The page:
Initially, the entirety of the story was just going to revolve around one demented family Christmas, but as it always seems to happen… the plot thickened and I couldn’t exactly control what happened. And then, while exploring the backstory of Jean, I saw an opportunity to expand upon a favorite character of mine from another older book I wrote back in 2013-2014. And now I’ve pretty much got 2 to 3 books in the making to continue with the chaos that is the Ponces.
Lockless Doors subtly examines complicated relationships and skillfully reveals insights into the siblings’ connection to each other. What were the driving ideals behind the characters development throughout the story?
I wanted to establish a sense of foundation for the three main characters, so that the reader could sense that there was in fact a very complicated past. Little by little, I offered little tidbits as to just what that past entails, and each of which would (at least for this book) center around the death of their mother. Their own childhood, while growing up, was riddled with seeds that would eventually force them all to spiral out of control. And so the death of their mother, at least according to their mother, would hopefully begin to bring them back together again. If I could narrow it all down to one single word, I’d say this book is about forgiveness, and not just the simple “on-the-surface” kind. Self-forgiveness is probably the most important type out there.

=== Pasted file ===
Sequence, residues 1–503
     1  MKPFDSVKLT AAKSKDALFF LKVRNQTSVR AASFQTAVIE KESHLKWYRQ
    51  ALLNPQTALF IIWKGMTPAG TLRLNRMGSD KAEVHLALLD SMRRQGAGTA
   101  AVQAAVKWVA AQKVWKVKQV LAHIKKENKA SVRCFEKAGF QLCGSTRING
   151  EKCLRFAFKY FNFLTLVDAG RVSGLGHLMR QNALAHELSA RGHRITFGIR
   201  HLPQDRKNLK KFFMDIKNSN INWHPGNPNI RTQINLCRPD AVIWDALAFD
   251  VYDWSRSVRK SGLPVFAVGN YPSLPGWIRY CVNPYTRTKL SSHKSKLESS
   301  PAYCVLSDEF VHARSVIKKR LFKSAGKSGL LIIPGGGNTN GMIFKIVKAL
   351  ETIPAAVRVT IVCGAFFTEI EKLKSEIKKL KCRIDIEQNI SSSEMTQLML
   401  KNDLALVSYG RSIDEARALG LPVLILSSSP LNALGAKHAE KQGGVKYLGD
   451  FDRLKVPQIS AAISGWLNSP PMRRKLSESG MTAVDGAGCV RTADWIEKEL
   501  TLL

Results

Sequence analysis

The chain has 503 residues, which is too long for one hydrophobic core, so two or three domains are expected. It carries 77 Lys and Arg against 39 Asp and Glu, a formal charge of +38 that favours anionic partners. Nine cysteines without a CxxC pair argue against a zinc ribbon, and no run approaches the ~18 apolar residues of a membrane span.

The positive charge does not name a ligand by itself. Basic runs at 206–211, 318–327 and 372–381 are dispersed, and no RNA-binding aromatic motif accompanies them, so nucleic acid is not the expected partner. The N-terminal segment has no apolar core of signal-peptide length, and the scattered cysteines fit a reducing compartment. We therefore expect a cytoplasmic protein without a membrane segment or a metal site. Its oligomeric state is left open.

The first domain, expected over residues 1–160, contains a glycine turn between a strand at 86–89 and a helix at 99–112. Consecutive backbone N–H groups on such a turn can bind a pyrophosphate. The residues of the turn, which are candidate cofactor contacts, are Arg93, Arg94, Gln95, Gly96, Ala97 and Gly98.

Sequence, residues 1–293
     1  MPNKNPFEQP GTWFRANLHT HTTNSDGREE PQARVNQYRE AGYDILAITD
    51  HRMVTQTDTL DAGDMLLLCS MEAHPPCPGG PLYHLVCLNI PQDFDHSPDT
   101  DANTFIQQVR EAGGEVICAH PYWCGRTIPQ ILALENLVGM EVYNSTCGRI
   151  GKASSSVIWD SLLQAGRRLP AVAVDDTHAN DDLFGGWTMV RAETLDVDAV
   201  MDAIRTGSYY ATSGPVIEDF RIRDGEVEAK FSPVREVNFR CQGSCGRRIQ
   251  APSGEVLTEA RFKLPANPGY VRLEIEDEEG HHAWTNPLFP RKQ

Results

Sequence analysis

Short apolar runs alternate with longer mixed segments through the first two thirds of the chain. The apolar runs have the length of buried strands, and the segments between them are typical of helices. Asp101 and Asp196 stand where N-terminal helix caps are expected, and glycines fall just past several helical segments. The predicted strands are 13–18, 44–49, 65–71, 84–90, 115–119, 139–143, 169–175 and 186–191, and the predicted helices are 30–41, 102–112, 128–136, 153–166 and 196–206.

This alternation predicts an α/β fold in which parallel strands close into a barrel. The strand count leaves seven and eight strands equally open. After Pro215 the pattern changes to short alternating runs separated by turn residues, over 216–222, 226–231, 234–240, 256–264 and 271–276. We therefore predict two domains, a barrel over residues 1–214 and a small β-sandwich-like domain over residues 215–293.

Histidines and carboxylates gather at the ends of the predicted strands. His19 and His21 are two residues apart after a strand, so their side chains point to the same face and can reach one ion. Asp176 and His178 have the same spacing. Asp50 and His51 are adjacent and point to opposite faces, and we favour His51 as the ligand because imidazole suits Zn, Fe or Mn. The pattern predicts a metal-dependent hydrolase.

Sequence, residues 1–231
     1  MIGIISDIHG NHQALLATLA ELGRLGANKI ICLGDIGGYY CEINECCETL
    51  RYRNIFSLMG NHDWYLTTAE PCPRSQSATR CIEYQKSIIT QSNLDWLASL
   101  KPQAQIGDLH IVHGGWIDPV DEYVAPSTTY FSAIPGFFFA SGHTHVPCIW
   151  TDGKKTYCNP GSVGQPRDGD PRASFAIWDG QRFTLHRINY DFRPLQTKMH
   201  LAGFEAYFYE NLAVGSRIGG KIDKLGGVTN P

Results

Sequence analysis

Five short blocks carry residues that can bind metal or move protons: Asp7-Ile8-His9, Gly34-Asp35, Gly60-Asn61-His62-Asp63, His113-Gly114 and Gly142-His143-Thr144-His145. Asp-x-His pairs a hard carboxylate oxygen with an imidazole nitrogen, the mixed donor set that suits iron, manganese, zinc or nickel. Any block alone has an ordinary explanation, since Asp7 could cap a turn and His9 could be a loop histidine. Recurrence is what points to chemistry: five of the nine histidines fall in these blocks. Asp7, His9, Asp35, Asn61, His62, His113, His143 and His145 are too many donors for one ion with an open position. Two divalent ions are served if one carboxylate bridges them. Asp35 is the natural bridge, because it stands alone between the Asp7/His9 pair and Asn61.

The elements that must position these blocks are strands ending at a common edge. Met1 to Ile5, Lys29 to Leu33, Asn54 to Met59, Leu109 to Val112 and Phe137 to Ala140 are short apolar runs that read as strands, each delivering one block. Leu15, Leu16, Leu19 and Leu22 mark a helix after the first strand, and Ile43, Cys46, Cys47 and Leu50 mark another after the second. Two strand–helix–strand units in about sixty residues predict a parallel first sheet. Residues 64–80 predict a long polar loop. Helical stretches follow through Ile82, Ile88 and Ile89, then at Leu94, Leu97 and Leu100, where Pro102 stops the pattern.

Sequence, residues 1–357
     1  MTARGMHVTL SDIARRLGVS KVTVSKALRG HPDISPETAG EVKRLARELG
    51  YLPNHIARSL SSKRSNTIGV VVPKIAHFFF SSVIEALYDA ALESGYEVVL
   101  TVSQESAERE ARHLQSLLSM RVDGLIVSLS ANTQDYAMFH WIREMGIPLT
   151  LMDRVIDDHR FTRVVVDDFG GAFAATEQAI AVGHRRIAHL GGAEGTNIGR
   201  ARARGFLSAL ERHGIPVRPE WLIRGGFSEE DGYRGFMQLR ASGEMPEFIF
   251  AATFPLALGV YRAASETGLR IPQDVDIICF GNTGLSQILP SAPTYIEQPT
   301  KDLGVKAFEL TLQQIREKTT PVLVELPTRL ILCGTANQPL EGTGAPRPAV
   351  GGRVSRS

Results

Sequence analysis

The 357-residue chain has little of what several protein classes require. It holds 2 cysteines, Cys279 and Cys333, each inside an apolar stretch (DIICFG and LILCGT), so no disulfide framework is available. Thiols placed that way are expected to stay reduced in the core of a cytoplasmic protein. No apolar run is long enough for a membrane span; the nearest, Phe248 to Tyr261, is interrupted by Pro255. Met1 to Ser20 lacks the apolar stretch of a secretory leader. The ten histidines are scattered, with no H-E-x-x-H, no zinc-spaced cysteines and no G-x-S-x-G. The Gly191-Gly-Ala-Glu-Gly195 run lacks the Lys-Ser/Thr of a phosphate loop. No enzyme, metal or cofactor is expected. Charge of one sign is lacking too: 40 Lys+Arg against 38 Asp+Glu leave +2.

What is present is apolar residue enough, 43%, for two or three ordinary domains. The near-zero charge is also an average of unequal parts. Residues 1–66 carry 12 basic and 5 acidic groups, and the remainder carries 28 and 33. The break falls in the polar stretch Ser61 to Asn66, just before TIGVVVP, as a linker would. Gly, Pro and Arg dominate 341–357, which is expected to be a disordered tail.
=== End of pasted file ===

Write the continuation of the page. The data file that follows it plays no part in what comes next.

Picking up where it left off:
Lockless Doors is both hilarious and heartbreaking, soul-searching and sarcastic. Was there anything from yourself that you put into the novel, and did you have fun writing it?